Exposing Office Distractions and Effects on Worker Productivity

Dataset Links Stress, Interruptions and Performance

With seemingly endless emails, phone calls and meetings, it’s no secret that working in an office environment can be quite stressful. Understanding how stress manifests by exposing the effects of distractions can help unlock an office workers’ full potential, according to new data collected by researchers from three university laboratories.

Ioannis Pavlidis
Ioannis Pavlidis is director of the Computational Physiology Laboratory.

Ioannis Pavlidis, director of the Computational Physiology Laboratory at the University of Houston, along with Ricardo Gutierrez-Osuna from Texas A&M University and Gloria Mark from the University of California, Irvine, conducted an experiment using thermal imaging and wearable sensors to better understand the stress and performance patterns of so-called knowledge workers – scientists, engineers, designers and academics. The findings are published in the journal Scientific Data.

The figure shows the office and setup used at UH. During the experimental sessions, the systems continuously imaged the participants’ faces with a thermal and visual camera. An additional visual camera angled down from the ceiling was imaging the participants’ desktop area. The systems were also capturing the screen and keystrokes of the participants’ computer, while two wearable devices were relaying the participants’ physiological signals.

Preliminary observations include:

  • Minute fluctuation of facial sweating emerges as the best way to measure stress during knowledge production and handling.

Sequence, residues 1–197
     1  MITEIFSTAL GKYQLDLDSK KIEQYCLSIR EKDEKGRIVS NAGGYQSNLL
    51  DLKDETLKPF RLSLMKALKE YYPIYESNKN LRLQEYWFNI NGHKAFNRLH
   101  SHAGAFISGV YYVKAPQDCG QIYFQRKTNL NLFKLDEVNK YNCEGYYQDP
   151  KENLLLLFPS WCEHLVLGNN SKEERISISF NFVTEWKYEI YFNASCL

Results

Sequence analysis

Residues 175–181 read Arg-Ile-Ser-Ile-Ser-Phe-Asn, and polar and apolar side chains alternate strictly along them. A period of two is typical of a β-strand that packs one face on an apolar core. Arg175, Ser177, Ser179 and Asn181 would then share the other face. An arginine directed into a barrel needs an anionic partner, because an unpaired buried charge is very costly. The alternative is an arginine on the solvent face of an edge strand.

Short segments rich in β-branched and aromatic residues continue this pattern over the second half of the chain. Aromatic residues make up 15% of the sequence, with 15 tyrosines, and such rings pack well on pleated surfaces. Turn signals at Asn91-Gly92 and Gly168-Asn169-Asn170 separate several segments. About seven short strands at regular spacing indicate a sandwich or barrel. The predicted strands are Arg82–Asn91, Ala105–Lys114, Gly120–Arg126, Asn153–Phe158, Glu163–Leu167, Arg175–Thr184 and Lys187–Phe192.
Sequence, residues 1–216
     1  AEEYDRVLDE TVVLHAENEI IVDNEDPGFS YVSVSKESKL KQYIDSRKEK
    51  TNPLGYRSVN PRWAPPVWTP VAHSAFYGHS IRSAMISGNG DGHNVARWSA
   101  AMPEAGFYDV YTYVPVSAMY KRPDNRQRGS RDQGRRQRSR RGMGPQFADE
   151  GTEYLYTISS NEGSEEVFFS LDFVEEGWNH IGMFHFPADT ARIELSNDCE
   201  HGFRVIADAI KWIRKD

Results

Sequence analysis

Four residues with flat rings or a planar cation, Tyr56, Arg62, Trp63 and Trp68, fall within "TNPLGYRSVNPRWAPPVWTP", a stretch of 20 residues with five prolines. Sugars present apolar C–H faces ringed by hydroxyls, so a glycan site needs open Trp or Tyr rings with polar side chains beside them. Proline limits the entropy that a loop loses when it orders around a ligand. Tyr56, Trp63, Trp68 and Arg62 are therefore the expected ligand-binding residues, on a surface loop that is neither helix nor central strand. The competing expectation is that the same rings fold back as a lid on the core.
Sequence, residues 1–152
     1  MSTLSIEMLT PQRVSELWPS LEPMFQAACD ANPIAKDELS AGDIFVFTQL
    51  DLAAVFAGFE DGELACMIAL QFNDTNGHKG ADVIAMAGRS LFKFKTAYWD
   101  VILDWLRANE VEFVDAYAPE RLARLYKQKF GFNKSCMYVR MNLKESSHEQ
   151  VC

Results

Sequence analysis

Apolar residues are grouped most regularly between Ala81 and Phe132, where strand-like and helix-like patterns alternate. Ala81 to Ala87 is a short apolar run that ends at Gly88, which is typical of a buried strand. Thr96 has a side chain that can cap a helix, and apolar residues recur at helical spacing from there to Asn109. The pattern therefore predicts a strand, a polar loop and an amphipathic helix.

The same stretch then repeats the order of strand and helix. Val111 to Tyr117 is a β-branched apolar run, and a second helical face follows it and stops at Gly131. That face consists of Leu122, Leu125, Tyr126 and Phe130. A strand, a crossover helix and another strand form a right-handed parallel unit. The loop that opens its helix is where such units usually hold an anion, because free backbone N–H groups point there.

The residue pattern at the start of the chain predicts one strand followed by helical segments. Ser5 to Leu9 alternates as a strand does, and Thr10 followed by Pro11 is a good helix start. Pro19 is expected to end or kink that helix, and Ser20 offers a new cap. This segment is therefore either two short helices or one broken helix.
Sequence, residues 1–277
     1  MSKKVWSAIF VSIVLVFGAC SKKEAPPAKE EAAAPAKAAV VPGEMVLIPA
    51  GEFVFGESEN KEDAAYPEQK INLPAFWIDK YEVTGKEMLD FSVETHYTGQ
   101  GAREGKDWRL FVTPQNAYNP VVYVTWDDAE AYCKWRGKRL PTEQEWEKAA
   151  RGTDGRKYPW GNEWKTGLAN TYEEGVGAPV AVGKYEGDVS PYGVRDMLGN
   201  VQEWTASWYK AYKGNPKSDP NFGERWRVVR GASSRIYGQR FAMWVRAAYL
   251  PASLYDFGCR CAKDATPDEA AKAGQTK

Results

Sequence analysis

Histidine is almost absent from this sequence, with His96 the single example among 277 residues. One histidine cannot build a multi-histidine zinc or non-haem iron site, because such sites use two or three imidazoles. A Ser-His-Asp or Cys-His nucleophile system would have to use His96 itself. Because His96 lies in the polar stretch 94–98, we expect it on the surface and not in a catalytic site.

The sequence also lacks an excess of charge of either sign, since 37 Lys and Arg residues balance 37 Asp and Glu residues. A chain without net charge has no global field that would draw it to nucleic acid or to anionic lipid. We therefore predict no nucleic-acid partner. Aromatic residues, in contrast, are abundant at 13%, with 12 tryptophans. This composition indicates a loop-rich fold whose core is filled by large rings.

• Presenting views and findings to management is far more stressful than producing them.
  • Given more relaxed deadlines, many office workers do not write longer reports but spend all the extra time to style them better.
  • Spell checkers – despite their bad rap in the context of texting - save the day in long writings, which would be riddled with mechanics errors in their absence.

“When you are stressed, you don’t realize this, but you perspire small amounts from your nose. The more you are stressed, the more you sweat,” said Pavlidis, Eckhard Pfeiffer Professor of Computer Science in the UH College of Natural Science and Mathematics, whose focus is human-computer interaction. “We also found people who have neurotic tendencies work better when they are regularly distracted by emails and the highly-educated worker relies too much on computerized tools such as spellcheck.”

A thermal facial camera tracked perspiration levels around the nose and upper mouth to track stress levels of a study participant during report writing.

Sixty-three study participants carried out a series of typical tasks and office activities including writing essays, taking breaks and presenting their findings before their managers. Half of the participants wrote their essays while being regularly distracted by emails while the other half received their emails in batches. This study is the first of a series of studies on knowledge work funded by a $1.2 million grant from the National Science Foundation.

A thermal facial camera tracked perspiration levels around the nose and upper mouth while wearable devices on the chest and wrist monitored heart and breathing rates. Two cameras one on the computer screen and the other tucked in the ceiling – recorded participants’ facial expressions and hand activities.

“This study was a comprehensive microcosm of all things happening in a 21st century office,” Pavlidis explained. “Crowdsourced data analysis is expected to lead to personalized recommendations for handling email interruptions and a deeper understanding of how people cope with different office activities. If the initial analysis we did is an indicator, the conclusion is that people who work at the office in knowledge professions have far more diverse responses than people in other professions we studied in the past.”

- Sara Tubbs, University Media Relations